CEA News, September 2020
Metals in the haloes around galaxies in the MUSE Analysis of Gas around Galaxies Survey
Just as living organisms require food to grow, galaxies – the fundamental building blocks of the Universe - require gas to form stars and evolve. The evolution of galaxies is therefore closely linked with the gaseous medium surrounding them. Again similar to living beings, galaxies do not grow in isolation, rather their evolution is fundamentally influenced by the environment in which they reside.
The MUSE Analysis of Gas around Galaxies (MAGG) survey, based on a large program on the European Southern Observatory's Very Large Telescope, is opening up a new window into galaxy formation and evolution by simultaneously studying the galaxy environment and the gaseouos haloes surrounding galaxies upto 12 billion years ago. As part of the MAGG survey, CEA astronomers have recently studied the cool metal-enriched gas around ~200 galaxies using absorption lines of singly ionized magnesium that get imprinted in the spectrum of bright background sources known as quasars.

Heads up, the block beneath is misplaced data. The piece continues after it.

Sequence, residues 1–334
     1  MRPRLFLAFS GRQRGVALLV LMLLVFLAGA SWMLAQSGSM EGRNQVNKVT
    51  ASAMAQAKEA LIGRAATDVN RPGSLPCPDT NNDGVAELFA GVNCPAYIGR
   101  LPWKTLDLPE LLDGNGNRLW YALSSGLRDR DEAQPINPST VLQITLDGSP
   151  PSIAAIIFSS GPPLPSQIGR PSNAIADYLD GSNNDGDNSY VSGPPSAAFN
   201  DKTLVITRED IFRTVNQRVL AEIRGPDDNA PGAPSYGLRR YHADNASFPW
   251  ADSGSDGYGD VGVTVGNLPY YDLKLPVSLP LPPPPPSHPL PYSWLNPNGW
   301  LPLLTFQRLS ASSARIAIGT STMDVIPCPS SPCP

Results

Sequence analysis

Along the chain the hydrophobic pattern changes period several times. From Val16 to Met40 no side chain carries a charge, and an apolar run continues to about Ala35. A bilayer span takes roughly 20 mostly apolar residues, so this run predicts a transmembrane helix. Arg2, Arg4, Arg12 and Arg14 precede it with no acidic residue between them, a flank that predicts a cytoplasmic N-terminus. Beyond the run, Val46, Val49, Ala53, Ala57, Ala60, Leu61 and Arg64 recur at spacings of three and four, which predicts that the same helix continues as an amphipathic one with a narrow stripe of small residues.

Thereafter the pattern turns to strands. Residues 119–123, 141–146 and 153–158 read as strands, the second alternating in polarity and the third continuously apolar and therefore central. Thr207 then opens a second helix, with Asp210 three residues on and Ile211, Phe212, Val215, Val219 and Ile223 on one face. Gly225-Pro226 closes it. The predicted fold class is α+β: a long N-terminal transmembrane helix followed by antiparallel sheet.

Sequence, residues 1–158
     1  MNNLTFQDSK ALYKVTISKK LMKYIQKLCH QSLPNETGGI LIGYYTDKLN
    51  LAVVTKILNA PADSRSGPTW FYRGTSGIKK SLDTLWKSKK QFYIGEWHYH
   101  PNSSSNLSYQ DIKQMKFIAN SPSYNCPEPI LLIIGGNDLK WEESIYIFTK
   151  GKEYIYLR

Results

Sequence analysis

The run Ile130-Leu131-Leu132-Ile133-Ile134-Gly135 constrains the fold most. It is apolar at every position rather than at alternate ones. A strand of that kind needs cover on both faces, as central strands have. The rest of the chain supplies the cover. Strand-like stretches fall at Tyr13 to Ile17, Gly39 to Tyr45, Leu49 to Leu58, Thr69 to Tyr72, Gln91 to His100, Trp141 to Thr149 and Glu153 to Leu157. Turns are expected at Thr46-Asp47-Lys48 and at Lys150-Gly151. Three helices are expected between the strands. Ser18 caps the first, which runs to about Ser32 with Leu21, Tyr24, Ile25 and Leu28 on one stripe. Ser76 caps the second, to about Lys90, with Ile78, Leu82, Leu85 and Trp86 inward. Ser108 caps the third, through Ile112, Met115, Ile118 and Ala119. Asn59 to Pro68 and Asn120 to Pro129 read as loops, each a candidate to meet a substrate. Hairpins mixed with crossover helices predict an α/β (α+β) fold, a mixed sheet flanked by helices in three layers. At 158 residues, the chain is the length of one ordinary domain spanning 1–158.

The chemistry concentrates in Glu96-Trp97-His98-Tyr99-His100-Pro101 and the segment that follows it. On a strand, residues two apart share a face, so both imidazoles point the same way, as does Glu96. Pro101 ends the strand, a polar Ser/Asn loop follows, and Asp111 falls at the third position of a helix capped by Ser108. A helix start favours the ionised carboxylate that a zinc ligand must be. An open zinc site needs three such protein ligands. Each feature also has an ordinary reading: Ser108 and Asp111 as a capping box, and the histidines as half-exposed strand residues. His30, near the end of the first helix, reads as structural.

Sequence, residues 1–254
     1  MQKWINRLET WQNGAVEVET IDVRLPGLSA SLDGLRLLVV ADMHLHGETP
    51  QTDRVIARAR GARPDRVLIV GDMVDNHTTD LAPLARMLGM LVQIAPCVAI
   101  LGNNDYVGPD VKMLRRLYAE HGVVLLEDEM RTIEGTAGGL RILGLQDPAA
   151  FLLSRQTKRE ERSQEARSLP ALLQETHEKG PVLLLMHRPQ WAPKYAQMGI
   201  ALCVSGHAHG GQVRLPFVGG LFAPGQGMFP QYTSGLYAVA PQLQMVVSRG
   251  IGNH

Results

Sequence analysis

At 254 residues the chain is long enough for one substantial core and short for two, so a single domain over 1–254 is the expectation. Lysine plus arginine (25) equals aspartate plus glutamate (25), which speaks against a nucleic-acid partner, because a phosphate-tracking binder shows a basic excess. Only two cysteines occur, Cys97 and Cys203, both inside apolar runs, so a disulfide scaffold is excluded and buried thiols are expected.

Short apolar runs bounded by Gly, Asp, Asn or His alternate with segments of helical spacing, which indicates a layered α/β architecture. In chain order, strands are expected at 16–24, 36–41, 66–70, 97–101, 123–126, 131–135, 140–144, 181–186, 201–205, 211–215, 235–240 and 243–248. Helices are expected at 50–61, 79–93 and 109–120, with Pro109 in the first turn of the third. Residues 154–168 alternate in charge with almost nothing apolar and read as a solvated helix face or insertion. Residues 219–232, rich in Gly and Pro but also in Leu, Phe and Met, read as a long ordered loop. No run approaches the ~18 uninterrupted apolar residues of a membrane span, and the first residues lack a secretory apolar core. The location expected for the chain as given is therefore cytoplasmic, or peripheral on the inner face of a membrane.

Most studies in the past have usually associated strong metal absorption lines with the gaseous halo of a single galaxy. With a complete and deep view of the galaxy environment provided by the MUSE instrument, the MAGG survey finds that majority of the metal absorption lines are associated with multiple galaxies. An example is shown in the figure, where the absorption detected towards the quasar in the centre, marked by a plus sign, is associated with six nearby galaxies, marked in blue and green circles.
The study finds that the distribution and properties of metals associated with groups of galaxies are different compared to that associated with single galaxies. Based on this, the researchers suggest that gravitational interactions taking place between galaxies in groups and hydrodynamic interactions with the group system could lead to enhancement in the prevalence of metals in the gaseous haloes of galaxies residing in denser environment.